How Obama smashed Museveni ego in Ethiopia


Africa Leaders Summit

President Yoweri Museveni came to power in 1986 following a military take over.

In his innagural speech he said that: “Africa’s problem is leaders who overstay in power” before promising that he would rule for a four year interim period.

At the expiry of the four years, he extended the interim period for another five years.

The new 1995 Constitution clearly stipulated that a President of Uganda was to rule for only two five year terms.

In 1996, he sought a re-election and again in 2001.

In 2005, he amended the constitution to scrap off the two term limits before seeking re-election in 2006.

In 2011, he was elected for another five years term that is ending in May 2016.

Already, he is seeking re-election in the upcoming March 2016 general elections.

For the last 30 years his reign has been characterised by gross abuse of human rights, widespread corruption and worst political repression.

He has destroyed all institutions of government and replaced them with a rule by a clique.

He has privatised the security forces to serve as his power base for his life presidency scheme.

The economy is in the hands of a small clique while education and health is in an appalling state.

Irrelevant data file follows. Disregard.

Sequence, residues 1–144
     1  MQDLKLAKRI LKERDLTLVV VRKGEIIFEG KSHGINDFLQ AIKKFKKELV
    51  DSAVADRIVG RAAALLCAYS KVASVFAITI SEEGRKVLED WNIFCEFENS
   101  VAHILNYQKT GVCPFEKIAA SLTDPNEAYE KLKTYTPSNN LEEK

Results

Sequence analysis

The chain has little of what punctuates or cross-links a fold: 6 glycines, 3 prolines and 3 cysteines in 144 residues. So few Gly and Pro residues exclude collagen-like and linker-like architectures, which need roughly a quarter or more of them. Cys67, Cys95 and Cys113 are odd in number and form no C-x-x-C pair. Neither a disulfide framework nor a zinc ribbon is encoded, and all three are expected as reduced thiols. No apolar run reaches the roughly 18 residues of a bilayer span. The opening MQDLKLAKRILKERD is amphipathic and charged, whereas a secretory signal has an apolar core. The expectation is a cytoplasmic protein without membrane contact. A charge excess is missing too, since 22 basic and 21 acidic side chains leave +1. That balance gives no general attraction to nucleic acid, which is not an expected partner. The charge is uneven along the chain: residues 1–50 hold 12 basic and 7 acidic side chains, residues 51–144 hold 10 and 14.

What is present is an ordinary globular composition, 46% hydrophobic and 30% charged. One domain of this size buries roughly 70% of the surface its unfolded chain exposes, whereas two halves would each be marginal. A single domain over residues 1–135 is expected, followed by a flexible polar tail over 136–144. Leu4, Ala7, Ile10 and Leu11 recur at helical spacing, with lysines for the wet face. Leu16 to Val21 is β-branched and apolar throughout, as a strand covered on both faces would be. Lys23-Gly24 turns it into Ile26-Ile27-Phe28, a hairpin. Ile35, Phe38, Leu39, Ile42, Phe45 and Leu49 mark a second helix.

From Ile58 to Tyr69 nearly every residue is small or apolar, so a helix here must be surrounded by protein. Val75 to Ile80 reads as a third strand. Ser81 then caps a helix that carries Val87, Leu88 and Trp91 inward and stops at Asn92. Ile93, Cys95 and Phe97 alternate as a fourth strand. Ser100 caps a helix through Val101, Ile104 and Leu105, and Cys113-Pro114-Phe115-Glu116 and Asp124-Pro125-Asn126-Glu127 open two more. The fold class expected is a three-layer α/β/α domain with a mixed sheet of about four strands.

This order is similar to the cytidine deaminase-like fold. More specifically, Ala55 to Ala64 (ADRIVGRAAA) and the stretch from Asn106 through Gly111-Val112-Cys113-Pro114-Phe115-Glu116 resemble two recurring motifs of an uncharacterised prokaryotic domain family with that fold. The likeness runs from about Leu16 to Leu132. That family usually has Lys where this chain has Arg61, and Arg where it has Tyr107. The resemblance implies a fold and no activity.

He has used development funds to close off nearly every peaceful means of loosening his grip on power.

In the early 1990s, Museveni jumped from the Marxist orientation and took advantage of USA President Clinton’s concern to halt the spread of militant Islam.

The Clinton administration entered into military alliance with Museeni before describing him as a new breed of African leaders.

Since then, Museveni has held the west at ransom by posturing to be at the forefront of the fight against global terrorism.

He has had his troops in Somalia since 2007 and has no intention of accomplishing the assignment and leave lest he loses the support of the west.

He has used the fight against terrorism to suppress political dissent at home.

He has often said that his forces have succeeded where the USA failed – in Somalia. He has often warned the west against lecturing him on democracy.

In 2011, he acquired six Shukoi fighter jets from Russia worth $700M that he got from the Bank of Uganda without parliamentary approval.

The following year in December 2012, he visited Russia and met President Putin before being awarded Russia’s highest award for being one of the eminent military-political leaders in Africa.

This was shortly after he posted a military attache to the Uganda embassy in Moscow.

In February 2014, while commissioning the Russian built Shukoi-30 military jet fighter simillator at the Airbase in Entebbe, he said that he would work with Russia because they dont meddle in the internal affairs of other countries; “Russia has worked in Africa since 1917………I will work with Russia because they dont mix up their politics with other countries’ politics.”

That warning came at a time the Obama administration had announced that it was to re-consider its relations with Uganda following Museveni’s threats to accent to the Anti-gay law.

To that effect and during the same occasion, Museveni directly hit at Obama thus: “This is my home. You cant find a man with a bald head like mine in his home and tell him what you want. Go back to your home.”